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Breathing in certain dusts, gases, fumes and vapours within the workplace can cause asthma. Asthma is a very serious health problem that can ruin lives. Shortness of breath, wheezing and painful coughing are just some of the symptoms that occupational asthma sufferers may have to deal with every day.

Occupational asthma is an allergic reaction that can occur in some people when they are exposed to substances, for example flour or wood dust in the workplace.

These substances are called 'respiratory sensitisers' or asthmagens. They can cause a change in people’s airways, known as the 'hypersensitive state'.

Not everyone who becomes sensitised goes on to get asthma. But once the lungs become hypersensitive, further exposure to the substance, even at quite low levels, may trigger an attack.

Work-related asthma or asthma made worse by work is broader and includes substances in the workplace that irritate the airways of individuals with pre-existing asthma. This includes people who have had asthma since childhood. Respiratory irritants may trigger attacks in those with occupational asthma or pre-existing asthma. Examples include chlorine, general dust and even cold air.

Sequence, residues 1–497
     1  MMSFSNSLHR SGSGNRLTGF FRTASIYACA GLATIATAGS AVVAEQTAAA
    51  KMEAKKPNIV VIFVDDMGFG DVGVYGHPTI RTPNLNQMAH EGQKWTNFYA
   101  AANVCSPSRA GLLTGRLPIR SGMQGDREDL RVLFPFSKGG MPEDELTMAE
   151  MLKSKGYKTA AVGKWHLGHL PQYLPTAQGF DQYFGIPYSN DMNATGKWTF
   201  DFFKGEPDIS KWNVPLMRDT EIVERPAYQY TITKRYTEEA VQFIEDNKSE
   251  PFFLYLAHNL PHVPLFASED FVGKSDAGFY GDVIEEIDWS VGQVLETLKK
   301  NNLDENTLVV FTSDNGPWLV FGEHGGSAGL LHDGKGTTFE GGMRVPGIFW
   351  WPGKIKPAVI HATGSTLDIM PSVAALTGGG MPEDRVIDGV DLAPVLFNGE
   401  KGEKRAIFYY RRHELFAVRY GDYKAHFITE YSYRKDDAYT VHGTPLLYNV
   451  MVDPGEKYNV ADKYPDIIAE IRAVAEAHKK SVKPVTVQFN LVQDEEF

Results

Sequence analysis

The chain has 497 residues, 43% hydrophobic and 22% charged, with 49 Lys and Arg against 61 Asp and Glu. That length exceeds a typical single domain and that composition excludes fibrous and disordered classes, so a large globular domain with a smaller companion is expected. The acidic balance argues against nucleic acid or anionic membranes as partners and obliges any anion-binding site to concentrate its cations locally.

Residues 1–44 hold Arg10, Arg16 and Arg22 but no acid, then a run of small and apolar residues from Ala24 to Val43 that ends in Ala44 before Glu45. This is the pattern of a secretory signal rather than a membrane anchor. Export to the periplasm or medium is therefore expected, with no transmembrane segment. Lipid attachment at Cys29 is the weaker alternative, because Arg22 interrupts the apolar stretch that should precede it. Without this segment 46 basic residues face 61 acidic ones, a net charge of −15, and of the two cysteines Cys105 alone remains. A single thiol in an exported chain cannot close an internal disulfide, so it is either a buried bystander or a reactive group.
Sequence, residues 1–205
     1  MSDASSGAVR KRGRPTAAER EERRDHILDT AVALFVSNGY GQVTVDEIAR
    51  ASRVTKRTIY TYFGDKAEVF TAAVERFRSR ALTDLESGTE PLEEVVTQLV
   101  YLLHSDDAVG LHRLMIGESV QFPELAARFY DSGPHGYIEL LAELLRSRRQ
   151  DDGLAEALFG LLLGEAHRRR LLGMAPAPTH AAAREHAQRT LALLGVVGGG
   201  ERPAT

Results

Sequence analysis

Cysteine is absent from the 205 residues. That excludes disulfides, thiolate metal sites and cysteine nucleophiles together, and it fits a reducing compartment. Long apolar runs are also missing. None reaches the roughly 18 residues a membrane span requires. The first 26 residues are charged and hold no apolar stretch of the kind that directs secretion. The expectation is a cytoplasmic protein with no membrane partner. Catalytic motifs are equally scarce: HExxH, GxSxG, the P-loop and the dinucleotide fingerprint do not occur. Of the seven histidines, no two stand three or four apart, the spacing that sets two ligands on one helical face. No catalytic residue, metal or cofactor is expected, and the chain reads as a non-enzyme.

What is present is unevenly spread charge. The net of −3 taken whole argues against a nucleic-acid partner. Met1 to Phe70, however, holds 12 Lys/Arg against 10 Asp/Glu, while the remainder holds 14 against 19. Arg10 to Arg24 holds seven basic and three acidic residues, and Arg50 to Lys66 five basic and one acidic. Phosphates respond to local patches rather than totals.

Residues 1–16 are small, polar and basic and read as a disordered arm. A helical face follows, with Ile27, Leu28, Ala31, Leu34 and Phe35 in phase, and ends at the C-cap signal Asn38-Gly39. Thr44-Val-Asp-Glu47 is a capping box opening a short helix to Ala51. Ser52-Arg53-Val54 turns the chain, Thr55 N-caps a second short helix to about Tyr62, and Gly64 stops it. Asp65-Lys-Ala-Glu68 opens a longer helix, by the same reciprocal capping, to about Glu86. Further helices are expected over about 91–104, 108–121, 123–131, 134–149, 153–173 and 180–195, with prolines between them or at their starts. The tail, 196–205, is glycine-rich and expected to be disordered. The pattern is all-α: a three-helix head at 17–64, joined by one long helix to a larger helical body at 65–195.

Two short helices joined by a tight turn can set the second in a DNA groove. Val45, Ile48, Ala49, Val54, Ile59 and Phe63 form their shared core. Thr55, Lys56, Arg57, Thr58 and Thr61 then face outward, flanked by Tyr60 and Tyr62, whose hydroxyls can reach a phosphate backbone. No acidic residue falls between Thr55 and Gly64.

If a claim is to be successfully pursued for an asthmatic condition it is necessary to demonstrate that the workplace was to blame for the condition developing on the basis either that substances at work have aggravated a pre-existing asthma or they have caused the asthma. 

Workplace Causes of Occupational Asthma

There are a variety of possible causes. For instance:

  • isocyanides

  • flour

  • grain

  • hay

  • soldering flux / welding fumes

  • wood dusts

  • some glues and resins

  • paint fumes

  • urethanes

  • varnishes

  • foams

  • certain animal substances

  • cotton flax

  • compost

  • hemp dust

The Duties of an Employer

The Control of Substances Hazardous to Health Regulations (COSHH) set out specific standards that an employer must meet when requiring an employee to work with substances that can cause asthma. Breach of these standards would form the basis for an employee to commence a claim for occupational asthma.

It is firstly necessary to establish (by obtaining medical evidence) the precise nature of the condition that is causing your breathing difficulties. Asthma can be caused by factors outside the workplace, for instance, allergies to house dust mites. In order to progress a claim for damages, it will be necessary to demonstrate by medical evidence that the condition is caused or aggravated by negligent exposure to hazardous substances at work, or as a result of exposure to hazardous substances in breach of COSHH Regulations.

If you or someone you know has been diagnosed with occupational asthma, please telephone us for further information or for a free, no obligation discussion on 028 9024 3901 or contact us online using the contact us form.